Listen to Snippets From the Audiobook of Christopher Paolini’s Fractal Noise, Read by Jennifer Hale is pleased to share an excerpt from the audiobook of Christopher Paolini’s Fractal Noise, read by voice actor Jennifer Hale! Take a look at some behind-the-scenes footage of the recording process, as well as a clip of Jennifer discussing her process for bringing the characters of the Fractalverse to life!


Excerpt from Fractal Noise


On July 25, 2234, they discovered the anomaly. It was ship-night inside the SLV Adamura, and all the lights were off or else dimmed and set to red to avoid disrupting the crew’s circadian rhythm. The halls and rooms of the vessel were hushed… but not silent. Life-support fans provided a constant background hum: lulling white noise that soon faded from notice.

Outside the Adamura, the sand-colored gas giant Samson receded into the black backdrop of space.


The ship’s lab was cramped. Equipment encroached from the walls, filled the center, leaving narrow walkways in between. Here it was warm from the computers, and the air had a thick, stifling quality. Numerous tiny indicators gave the impression of constellations scattered across the dark pieces of machinery.

Alex Crichton sat at the holo-display crammed into one corner, trying to read the results from the probe they’d dropped into Samson’s atmosphere the previous day. Carbon, ammonia, methane… The list blurred before his eyes. It was well past midnight. But he still hadn’t written his report, and the captain was expecting it first thing in the morning.

The smart thing would have been to write the report that afternoon, when he was still somewhat alert. That would have been the smart thing. Alex knew it. But he hadn’t been able to bring himself to type a single word. Like most days, he felt little to no motivation during waking hours. It wasn’t much better at night: an occasional spurt of panic would result in a brief run of productivity, but even then, the work he produced wasn’t very good. He was too sleep deprived, and Alex didn’t want to take a wake-me-up pill like StimWare. What was the point? To feel better? That wasn’t going to happen. As long as he could keep Captain Idris from chewing him out again, he didn’t care to do more. None of it really mattered, after all. Not to Alex.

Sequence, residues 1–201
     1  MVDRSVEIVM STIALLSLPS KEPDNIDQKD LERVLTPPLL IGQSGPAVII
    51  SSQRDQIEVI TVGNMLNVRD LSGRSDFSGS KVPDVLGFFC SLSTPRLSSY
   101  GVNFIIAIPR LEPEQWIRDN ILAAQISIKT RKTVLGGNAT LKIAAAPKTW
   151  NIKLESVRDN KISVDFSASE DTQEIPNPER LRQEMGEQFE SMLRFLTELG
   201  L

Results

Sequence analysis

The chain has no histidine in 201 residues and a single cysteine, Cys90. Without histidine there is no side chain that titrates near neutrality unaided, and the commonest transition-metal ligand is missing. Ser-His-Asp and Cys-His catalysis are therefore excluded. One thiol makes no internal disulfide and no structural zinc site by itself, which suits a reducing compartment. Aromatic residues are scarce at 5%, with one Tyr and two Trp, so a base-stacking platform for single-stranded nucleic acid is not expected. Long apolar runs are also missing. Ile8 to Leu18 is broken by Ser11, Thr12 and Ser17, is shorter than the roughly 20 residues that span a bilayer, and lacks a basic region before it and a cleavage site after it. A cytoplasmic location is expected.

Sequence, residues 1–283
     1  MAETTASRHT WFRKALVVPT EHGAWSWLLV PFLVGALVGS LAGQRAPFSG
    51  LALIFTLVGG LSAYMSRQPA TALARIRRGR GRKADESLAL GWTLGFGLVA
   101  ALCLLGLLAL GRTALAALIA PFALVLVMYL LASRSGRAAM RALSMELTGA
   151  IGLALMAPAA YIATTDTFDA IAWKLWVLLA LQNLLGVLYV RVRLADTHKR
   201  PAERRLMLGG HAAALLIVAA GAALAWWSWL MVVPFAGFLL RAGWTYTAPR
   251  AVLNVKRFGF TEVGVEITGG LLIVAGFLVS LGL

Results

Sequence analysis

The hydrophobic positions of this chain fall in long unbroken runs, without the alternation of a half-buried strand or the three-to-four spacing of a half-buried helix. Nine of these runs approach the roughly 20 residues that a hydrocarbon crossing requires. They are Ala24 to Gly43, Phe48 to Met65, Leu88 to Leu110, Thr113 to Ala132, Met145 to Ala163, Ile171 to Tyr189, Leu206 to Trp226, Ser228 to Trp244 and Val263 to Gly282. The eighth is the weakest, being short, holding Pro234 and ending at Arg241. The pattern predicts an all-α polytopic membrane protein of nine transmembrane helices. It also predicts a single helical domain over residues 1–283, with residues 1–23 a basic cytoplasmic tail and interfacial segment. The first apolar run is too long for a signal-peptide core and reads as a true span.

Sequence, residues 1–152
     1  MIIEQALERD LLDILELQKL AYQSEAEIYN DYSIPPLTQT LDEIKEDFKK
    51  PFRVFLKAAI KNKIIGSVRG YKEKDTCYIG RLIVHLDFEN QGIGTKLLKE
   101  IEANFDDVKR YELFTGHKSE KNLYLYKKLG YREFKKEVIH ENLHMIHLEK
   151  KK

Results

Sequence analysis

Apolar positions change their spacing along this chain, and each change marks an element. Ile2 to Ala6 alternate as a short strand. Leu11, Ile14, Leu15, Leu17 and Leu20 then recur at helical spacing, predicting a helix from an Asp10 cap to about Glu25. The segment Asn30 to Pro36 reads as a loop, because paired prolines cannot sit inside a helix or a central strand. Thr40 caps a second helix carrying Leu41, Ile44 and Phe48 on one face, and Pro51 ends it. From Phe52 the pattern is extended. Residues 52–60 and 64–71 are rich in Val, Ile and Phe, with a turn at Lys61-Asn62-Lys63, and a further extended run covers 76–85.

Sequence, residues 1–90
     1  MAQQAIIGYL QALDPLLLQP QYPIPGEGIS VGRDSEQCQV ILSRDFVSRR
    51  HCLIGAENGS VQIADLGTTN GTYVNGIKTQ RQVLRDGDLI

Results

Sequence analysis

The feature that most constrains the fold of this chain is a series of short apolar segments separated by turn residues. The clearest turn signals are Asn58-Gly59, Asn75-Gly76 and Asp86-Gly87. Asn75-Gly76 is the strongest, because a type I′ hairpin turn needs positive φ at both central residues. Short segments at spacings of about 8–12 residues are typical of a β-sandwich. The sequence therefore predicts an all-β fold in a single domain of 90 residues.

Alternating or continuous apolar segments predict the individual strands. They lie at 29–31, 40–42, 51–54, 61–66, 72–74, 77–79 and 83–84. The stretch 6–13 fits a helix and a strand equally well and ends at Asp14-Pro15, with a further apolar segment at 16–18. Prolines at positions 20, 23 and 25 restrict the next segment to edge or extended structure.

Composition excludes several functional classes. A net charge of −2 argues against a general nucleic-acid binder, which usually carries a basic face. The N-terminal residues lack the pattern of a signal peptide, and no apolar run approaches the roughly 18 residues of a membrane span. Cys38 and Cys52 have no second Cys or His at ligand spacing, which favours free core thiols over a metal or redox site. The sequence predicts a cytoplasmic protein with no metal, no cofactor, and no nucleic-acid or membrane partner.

The holo swam before him, numbers floating disconnected from their background.

Alex blinked. It didn’t help. Frustrated, and not having the strength to deal with the frustration, he crossed his arms on the plastic desk and rested his head on them. A shock of black hair fell across his forehead, cutting off his vision.

How long had it been since he got it trimmed? Three months? Four? It had been sometime before. That much he was sure of.

He buried his face in the crook of his elbow, and for a long while, the hum of the fans was the only sound in the lab.



Voice Actor Jennifer Hale on Character Techniques

Characters and audiobooks are so interesting. They’re completely different from other formats. They can’t be too crazy or over the top because you’ll lose the listener. Now, that being said, let’s look at Pushkin. Pushkin is a fascinating character, Pushkin’s from Shin-zar where there’s intense gravity. We had a Shin-zar character in To Sleep in a Sea of Stars, and we were able to sort of figure out that he’s, it’s very wide in the body, but Pushkin has kind of a Russian flair to him.

So he was here and everything was very big with Pushkin and very deep and very wide, but very emphatic because he’s very certain of himself. And, uh, I actually had to gain down a lot when I did Pushkin. I could blow the mic out very easily.

Talia was a really unique challenge, and I swear my phone was the greatest asset in that because I have voice memos and in my voice memos, that’s where I, I have all my references for everybody, and I would frequently just call it up and say, okay, okay, where’s Talia?

Where’s Talia? There’s Talia. I’ll listen to her. There we go. And she has a unique affectation in her speech that’s kind of hutterite in, its in its, uh, flavor. So I would listen to this and then I would have her, and she would be right there, but I would have to come in for her a lot. She was a really challenging and interesting character too.

And for Alex. Alex is, you know, he doesn’t have an accent of any kind, but he’s a man. So I would kind of drop into my lower register cuz I’m not a man right. But I would drop into Alex’s vibe and that would be more down here. And also kind of muted given what Alex has been through, um, that shifts and changes, the story goes along.

But just a guy trying to get things done, that’s where Alex lived. Yeah, it was fun. It was really fun to do the great, the mix of everybody.



Fractal Noise is published by Tor Books and Macmillan Audio—read an additional excerpt here!


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